Writing by Nick Stamoulis in Expert Interviews
Recently I had the chance to interview B2B marketing expert Michael Brenner. Michael is the author of B2B Marketing Insider, co-founder of the social news site Business 2 Community (both of which are great sites for B2B business owners and marketers looking to stay on top of their game) and currently serves as Senior Director of Global Marketing for SAP. Michael been working in leadership, marketing and sales roles for nearly 20 years serving a diverse group of industries, so I think it’s safe to say that he’s seen just about all there is to see when it comes to B2B marketing. B2B marketing has undergone a lot of changes in the last few years and Michael has done a tremendous job of staying at the forefront and being an industry leader.
This interview is rather long, but is worth the time to read through all of it! Thanks so much to Michael Brenner for spending the time to answer all of my questions!
Question: B2B Marketing Insider has only been active for a few years but in that time you’ve built up a powerful online brand, a loyal audience and a pretty impressive social presence—how did you accomplish so much in such a relatively short amount of time?
Answer from Michael Brenner: I know it sounds a little cliché but it has come mainly from a lot of trial and error and by simply committing myself to spending about an hour a day. When I started blogging, I had no idea what I was doing and I had only been active on Twitter for less than a year. But once I started blogging I immediately saw the power of combining great content with social reach. So I committed to 2 blog posts a week and to using Twitter every day to share great content, and to connect and engage with new people. I have made similar commitments to facebook, Linkedin, Google + and a few other sites like Slideshare, StumbleUpon and Pinterest that seem to drive effective engagement for me. But I test new approaches every day to see what works on each platform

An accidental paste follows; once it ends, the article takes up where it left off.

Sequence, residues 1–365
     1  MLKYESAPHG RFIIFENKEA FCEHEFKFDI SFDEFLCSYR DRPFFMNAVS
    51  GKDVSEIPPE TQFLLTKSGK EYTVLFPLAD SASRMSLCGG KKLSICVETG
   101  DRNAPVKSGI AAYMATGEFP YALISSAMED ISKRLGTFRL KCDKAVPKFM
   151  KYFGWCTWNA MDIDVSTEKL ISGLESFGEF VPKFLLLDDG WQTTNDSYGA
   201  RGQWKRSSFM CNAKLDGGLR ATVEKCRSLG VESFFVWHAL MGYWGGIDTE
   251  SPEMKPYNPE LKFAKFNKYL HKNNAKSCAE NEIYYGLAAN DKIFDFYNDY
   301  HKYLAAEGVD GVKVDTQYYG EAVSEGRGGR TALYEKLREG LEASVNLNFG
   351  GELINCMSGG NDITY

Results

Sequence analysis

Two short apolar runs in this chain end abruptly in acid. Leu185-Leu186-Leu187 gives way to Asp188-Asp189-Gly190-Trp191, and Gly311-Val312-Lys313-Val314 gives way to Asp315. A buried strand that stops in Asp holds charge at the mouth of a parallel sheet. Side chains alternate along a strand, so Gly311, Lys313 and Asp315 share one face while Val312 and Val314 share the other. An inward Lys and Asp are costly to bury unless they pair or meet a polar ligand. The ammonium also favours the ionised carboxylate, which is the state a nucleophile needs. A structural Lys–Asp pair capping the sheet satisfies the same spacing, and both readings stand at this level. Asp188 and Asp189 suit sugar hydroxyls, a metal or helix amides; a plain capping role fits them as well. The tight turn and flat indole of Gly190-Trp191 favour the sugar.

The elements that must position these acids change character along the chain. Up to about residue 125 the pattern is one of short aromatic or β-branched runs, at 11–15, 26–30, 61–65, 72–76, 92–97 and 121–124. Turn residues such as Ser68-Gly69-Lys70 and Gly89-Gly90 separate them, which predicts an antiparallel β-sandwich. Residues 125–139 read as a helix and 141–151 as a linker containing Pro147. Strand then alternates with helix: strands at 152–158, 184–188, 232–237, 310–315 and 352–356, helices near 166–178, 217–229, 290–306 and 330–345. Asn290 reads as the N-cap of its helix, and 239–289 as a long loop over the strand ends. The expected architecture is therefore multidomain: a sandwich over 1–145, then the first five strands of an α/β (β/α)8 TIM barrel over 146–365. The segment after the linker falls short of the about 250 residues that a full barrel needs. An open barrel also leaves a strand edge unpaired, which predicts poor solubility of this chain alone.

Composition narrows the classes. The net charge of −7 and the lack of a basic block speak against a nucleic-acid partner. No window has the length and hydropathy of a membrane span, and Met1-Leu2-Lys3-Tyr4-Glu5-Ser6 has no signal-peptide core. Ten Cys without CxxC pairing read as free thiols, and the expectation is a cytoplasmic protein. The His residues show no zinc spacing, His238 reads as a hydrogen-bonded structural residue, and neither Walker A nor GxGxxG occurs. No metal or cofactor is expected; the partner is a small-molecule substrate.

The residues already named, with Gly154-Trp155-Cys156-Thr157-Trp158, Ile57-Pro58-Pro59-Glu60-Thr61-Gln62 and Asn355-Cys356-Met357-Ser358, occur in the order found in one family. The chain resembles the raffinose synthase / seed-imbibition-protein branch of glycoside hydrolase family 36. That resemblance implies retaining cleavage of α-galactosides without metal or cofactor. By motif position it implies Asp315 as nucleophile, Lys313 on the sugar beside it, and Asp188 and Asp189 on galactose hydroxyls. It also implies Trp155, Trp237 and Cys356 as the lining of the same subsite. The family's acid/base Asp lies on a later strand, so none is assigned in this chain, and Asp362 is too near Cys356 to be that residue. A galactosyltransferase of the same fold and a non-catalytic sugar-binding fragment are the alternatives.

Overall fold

Question: Did you ever expect Business 2 Community to grow as large (4,000+ contributors) as it has? When and how did it shift from a personal blog to a massive online marketing community?
Answer from Michael Brenner: Many people might not know the full story but Business 2 Community started as Brian Rice’s personal blog (B2C Marketing Insider) at the same time I started B2B Marketing Insider. After a few months, Brian outsourced the content contribution to colleagues and social connections. Then he was able to gain inclusion as a news source for Google News. That’s when the site really took off. We agreed to combine forces – Brian, myself and our technical Dan Criel, to re-brand as Business 2 Community. We’ve seen rapid and steady growth ever since. We basically try to offer our contributors the largest possible platform we can to reach an audience they would struggle to reach on their own. The model seems to be working pretty well.
Question: As the editor-in-chief of SAP’s “innovation” blog how do you keep fresh content rolling out on a consistent basis?
Answer from Michael Brenner: We use what I call the “author curation” model. We find the most distinguished and trusted authors that we can in each of our topical areas and we ask them to contribute to the site. It’s a win-win because we get the content we need to deliver value on how to innovate inside your company. And the authors gain access to our audience. Right now we have about 50% of our content coming from internal bloggers and the other half from external thought leaders. We realize that we don’t know everything at SAP but we certainly want to help bring the latest and greatest insights, content and information around business innovation to our readers.
Question: What advice do you have for smaller B2B brands that have a hard time keeping their content marketing efforts consistent?